Lionsgate Says New "Power Rangers" Film Could Lead To Multiple Sequels
Conventions | The University of Calgary’s student newspaper looks at the rapid growth of the Calgary Comic & Entertainment Expo, and the problems that go with it: Last year, ticket holders had to be turned away because the event was over capacity. “Last year it was really a shame that people had so much trouble,” says Lyndsay Peters, owner of Dragon Chow Dice Bags. “We saw a lot of frustrated customers and we talked to a lot of frustrated people. I know there are some people who won’t be coming back this year. But everything we have been told as vendors and everything that has been communicated to us shows that they are taking it very seriously this year.” This year’s convention will be held April 26-28. [The Gauntlet]
Awards | The jury has been announced for the Doug Wright Awards. [Doug Wright Awards Blog]
Webcomics have been part of the strategy for manga publisher Seven Seas (home of Afro Samurai, Hayate x Blade, and Gunslinger Girl, among others) from the beginning, but always as a way to sell a print book. Now they have set up Zoom Comics, an ad-supported webcomics site that will run both homegrown and licensed manga, launching with four original English language series: Amazing Agent Jennifer (a prequel to their six-volume Amazing Agent Luna), Dracula Everlasting, Paranormal Mystery Squad (a followup to another original series, Aoi House), and Vampire Cheerleaders. Coming soon are two licensed series, both from Korea: Witch Hunter and Lizzie Newton: Victorian Mysteries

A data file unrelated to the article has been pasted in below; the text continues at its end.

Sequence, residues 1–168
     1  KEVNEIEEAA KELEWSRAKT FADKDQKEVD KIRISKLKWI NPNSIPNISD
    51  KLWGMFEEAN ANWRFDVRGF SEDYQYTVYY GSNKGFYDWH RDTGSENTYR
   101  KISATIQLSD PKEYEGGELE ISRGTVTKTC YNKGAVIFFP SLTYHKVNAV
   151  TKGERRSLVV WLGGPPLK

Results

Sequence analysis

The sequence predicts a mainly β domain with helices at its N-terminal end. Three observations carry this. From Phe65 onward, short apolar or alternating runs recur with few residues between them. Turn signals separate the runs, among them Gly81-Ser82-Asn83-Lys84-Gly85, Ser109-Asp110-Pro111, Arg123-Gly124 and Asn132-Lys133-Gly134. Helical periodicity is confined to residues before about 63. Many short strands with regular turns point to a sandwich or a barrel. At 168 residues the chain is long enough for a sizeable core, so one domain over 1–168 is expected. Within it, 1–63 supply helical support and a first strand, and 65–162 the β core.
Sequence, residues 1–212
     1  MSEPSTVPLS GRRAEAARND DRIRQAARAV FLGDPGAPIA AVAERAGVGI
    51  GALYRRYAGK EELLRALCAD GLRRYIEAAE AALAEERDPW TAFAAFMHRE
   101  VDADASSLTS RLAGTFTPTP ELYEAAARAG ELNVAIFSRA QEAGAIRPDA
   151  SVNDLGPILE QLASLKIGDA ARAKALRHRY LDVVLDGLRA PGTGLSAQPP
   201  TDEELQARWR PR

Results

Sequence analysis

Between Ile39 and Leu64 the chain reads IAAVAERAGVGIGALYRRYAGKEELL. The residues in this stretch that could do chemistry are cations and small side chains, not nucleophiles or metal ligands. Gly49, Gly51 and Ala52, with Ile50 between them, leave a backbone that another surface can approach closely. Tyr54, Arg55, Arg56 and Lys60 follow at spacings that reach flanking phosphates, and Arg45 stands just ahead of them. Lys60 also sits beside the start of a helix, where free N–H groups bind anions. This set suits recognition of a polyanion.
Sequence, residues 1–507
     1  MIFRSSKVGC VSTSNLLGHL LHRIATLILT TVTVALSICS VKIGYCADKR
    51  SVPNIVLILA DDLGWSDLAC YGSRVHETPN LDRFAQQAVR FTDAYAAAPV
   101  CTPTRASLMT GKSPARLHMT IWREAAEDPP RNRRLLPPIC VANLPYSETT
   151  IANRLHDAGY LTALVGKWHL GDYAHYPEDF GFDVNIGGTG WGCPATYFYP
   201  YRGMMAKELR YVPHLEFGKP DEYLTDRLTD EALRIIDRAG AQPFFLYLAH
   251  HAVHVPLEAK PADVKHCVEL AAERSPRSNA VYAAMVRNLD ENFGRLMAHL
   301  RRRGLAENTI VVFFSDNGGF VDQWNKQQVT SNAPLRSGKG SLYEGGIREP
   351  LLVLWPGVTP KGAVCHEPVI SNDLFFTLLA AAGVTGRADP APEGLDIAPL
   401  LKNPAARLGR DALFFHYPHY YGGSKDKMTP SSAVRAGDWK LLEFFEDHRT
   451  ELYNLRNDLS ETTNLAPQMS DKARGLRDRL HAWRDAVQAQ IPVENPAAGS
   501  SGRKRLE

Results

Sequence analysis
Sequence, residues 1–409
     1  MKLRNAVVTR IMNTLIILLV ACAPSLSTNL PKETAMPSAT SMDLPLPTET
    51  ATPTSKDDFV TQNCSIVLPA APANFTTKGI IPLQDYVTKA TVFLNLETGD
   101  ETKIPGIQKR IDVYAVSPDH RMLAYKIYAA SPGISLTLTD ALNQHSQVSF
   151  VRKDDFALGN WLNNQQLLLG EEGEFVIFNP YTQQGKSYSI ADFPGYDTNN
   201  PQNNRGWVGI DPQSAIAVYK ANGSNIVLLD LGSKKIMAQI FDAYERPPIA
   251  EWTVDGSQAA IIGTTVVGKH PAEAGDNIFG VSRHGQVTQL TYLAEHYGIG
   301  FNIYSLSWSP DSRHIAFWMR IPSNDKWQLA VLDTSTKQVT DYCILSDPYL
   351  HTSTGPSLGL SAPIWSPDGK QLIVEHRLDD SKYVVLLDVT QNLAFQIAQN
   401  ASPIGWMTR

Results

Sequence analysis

Seven Seas formed the site in partnership with Pixie Trix Comix, a webcomics portal set up by webcomics creators Gisele Lagace and David Lumsdon (Magick Chicks) that also runs comics by several other creators.
What’s interesting about the new site is that it looks a lot like a bootleg manga site: The comics are simply displayed in the web browser, rather than embedded in a Flash-based reader, and they are surrounded by ads. If you changed the banner, it could be MangaFox. And Seven Seas has something else in common with the bootleg sites, something traditional publishers tend to neglect: They do forums well, with editor Adam Arnold frequently dropping in to make comments or respond to questions.